Salted maple pecan pie with decorative leaf pie pieces on top. Pie pieces and pecan are also laying around the pie.
Yield: One 9" Pie

Salted Maple Pecan Pie

Prep Time 1 hour
Cook Time 1 hour 10 minutes
Total Time 2 hours 10 minutes

Maple Syrup, bourbon, and toasted pecans create an incredible depth of flavor in this Salted Maple Pecan Pie. You won't get any complaints that the pecan pie is too sweet with this version!


  • 1 1/4 cups (5.3 oz, 149 gr) all-purpose flour
  • 1/2 tsp kosher salt
  • 5 TBSP (2.5 oz, 70 gr) unsalted butter, cold
  • 2 TBSP (0.9 oz, 25 gr) shortening or lard, cold (*alternatively, you can use all butter if you prefer)
  • 2-4 TBSP ice water
  • 2 cups pecan halves
  • 2 TBSP (1 oz, 28 gr) unsalted butter, melted
  • 3 large eggs
  • 1/2 cup (4 oz, 112 gr) brown sugar (I prefer to use dark brown sugar for the extra molasses flavor)
  • 3/4 cup (6 fl oz, 177 ml) real maple syrup
  • 2 tsp Morton kosher salt (use 4 tsp if using Diamond kosher)
  • 2 TBSP bourbon/whiskey or spiced rum
  • 3/4 cup bittersweet chocolate chips (optional)


For the Crust:  If you are intimidated by making pie crust, I highly recommend checking out my Complete Guide to Pie Crust article and tutorial video before starting.
  1. Before starting your crust, cut your butter into small 1/2″ pieces and place it in the freezer to get very cold for about 15 minutes while you organize the rest of your ingredients.
  2. In a large mixing bowl, whisk together the flour and salt. Add the butter and shortening to the bowl and use a pastry cutter or a fork to cut the fat through the flour until it is evenly distributed in pea size pieces.
  3. Add ice water to the bowl 1 tablespoon at a time and use a fork to gently nudge the flour into the water. Do not aggressively stir or mash the flour and butter down. Be as light and gentle as possible. Once large clumps of dough start forming, gather the dough up and press it together. If it crumbles then you need to add a little more water. If it holds together then you are ready to chill.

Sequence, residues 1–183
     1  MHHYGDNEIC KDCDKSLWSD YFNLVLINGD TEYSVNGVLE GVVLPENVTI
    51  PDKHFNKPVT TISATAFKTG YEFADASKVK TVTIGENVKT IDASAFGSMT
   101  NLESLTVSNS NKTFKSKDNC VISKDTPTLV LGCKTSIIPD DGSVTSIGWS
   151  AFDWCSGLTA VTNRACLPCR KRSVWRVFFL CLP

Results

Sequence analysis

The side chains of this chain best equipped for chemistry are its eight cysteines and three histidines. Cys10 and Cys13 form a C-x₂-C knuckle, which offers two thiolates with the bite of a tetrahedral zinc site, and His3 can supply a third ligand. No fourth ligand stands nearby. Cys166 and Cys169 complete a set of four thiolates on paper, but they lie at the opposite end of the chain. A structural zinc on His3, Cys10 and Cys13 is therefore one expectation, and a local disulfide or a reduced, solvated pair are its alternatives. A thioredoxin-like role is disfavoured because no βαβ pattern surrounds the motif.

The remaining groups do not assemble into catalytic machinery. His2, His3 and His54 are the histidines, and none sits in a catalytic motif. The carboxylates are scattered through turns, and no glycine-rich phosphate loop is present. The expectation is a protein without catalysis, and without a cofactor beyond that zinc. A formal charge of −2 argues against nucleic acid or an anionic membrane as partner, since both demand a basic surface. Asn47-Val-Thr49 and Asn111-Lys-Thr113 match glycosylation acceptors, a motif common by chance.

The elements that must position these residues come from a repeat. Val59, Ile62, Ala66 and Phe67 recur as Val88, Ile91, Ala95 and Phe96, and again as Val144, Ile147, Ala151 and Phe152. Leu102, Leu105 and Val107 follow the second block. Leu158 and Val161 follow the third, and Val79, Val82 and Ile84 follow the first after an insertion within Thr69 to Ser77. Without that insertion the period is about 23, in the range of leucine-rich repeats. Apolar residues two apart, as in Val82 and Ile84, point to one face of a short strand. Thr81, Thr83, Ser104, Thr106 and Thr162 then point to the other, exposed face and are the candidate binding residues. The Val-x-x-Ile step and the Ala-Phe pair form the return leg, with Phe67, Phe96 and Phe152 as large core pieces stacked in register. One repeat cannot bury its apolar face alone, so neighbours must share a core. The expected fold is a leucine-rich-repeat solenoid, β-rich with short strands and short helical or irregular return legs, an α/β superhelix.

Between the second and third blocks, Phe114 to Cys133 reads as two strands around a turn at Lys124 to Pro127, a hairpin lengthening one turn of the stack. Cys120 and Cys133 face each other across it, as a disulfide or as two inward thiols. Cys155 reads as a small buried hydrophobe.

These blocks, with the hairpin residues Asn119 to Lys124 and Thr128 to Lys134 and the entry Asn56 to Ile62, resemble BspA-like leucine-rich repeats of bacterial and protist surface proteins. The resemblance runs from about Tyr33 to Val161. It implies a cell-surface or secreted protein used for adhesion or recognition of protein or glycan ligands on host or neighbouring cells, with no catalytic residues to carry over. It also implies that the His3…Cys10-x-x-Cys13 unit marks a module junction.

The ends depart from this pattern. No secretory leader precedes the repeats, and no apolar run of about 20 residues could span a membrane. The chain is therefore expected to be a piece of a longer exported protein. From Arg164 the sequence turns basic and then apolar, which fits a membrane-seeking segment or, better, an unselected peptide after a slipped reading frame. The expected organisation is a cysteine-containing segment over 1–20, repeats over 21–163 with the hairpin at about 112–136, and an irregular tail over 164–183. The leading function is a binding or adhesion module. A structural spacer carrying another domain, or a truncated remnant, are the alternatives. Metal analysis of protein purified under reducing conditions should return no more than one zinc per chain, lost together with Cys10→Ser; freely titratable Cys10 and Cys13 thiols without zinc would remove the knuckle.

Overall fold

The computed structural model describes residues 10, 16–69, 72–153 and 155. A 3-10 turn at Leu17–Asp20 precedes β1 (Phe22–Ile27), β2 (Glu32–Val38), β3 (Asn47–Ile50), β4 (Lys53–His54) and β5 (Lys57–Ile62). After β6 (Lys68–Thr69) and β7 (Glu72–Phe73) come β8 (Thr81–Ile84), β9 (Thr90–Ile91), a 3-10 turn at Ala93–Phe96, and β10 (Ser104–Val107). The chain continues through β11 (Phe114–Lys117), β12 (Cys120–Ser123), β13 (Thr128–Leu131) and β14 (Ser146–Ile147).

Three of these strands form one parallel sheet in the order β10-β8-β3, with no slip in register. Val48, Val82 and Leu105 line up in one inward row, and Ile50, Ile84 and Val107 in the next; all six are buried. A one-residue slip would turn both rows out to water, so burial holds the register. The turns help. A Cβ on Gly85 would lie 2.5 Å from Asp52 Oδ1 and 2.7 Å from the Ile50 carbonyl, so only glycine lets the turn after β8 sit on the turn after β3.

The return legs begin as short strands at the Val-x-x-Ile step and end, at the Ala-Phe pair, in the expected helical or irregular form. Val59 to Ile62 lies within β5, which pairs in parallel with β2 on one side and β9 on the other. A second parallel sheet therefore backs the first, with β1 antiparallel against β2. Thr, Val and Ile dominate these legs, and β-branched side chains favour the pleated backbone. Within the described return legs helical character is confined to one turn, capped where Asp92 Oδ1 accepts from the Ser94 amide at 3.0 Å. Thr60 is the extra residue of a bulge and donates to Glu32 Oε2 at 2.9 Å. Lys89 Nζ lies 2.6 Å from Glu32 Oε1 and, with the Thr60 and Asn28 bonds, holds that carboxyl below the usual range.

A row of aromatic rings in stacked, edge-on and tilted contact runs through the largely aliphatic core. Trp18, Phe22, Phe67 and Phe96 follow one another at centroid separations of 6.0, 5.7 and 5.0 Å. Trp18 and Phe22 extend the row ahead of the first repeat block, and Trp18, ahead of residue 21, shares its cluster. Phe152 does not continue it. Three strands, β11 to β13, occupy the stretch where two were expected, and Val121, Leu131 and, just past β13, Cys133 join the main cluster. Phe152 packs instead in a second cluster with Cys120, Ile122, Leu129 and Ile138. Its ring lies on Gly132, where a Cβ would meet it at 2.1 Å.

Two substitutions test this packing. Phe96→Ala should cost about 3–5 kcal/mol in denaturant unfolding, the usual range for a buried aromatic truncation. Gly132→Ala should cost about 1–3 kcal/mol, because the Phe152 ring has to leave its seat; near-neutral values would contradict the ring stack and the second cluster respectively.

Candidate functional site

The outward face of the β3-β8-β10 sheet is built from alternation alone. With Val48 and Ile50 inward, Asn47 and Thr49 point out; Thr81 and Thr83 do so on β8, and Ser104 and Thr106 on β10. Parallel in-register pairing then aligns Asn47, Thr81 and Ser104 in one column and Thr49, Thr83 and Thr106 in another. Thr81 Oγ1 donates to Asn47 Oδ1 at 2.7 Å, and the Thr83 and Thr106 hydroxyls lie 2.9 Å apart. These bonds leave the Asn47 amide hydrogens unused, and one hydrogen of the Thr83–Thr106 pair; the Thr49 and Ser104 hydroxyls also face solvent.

4. Press the dough together into a ball and wrap it in a piece of plastic wrap, pressing it down into a disk. Refrigerate for at least 30 minutes or up to 3 days before using. This step is key to relaxing the gluten and allowing the dough to hydrate properly.
  5. Before rolling out the dough, allow it to come back near room temperature. Meanwhile, position your oven rack on the lowest position possible and preheat your oven to 375F (190C). Roll the dough out to a circle several inches wider than your pie plate. Transfer the dough into the pie plate and trim and crimp the edges. Save you scraps of dough to cut out decorative pieces for the top of the pie if desired.
  6. Place a piece of parchment paper over the dough and fill it with pie weights, rice, or dried beans. Place the pie plate on a sheet pan and blind bake the crust at 375F (190C) in the lowest position in the oven for 20 minutes. Remove the parchment and pie weights and bake for 10 minutes more.
  7. Meanwhile, prepare your filling. You do not need to wait for the crust to cool after par baking to add your filling and bake it.
For the Filling
  1. In a dry pan over medium heat, toast the pecans, tossing frequently, until they smell very fragrant and nutty. Watch them closely so they do not burn. Remove them from the pan. Save half of them to decorate the top and roughly chop the other half.
  2. In a large mixing bowl, whisk together the butter, eggs, brown sugar, maple syrup, salt, bourbon, pecans, and chocolate chips if using.
  3. When the crust comes out of the oven, pour the filling into the baked crust. Use the pecan halves that didn't get chopped to place nicely on top of the filling. If using, brush the decorative pie crust pieces with a whisked egg and place on top of the pie, leaving some blank spaces to let the pecans show through.
  4. Bake at 375F (190C) for 35-40 minutes until the pie is set but still has a slight jiggle to it. Watch the edges of the crust, as they can tend to over brown. You can wrap the edges in a ring of tinfoil to prevent them from burning.
  5. Allow to cool for at least 4 hours before slicing. Cover the cooled pie with foil to store. If you are serving it the next day, you may leave it out at room temperature. If you need to store it for longer, it may be refrigerated for up to 4 days.


  • You can prepare your pie dough up to 3 days in advance and store in the refrigerator.
  • Place your pie plate on a sheet pan to bake it on because it makes removing the pie from the oven easier and also conducts heat onto the bottom of the crust, preventing it from being soggy.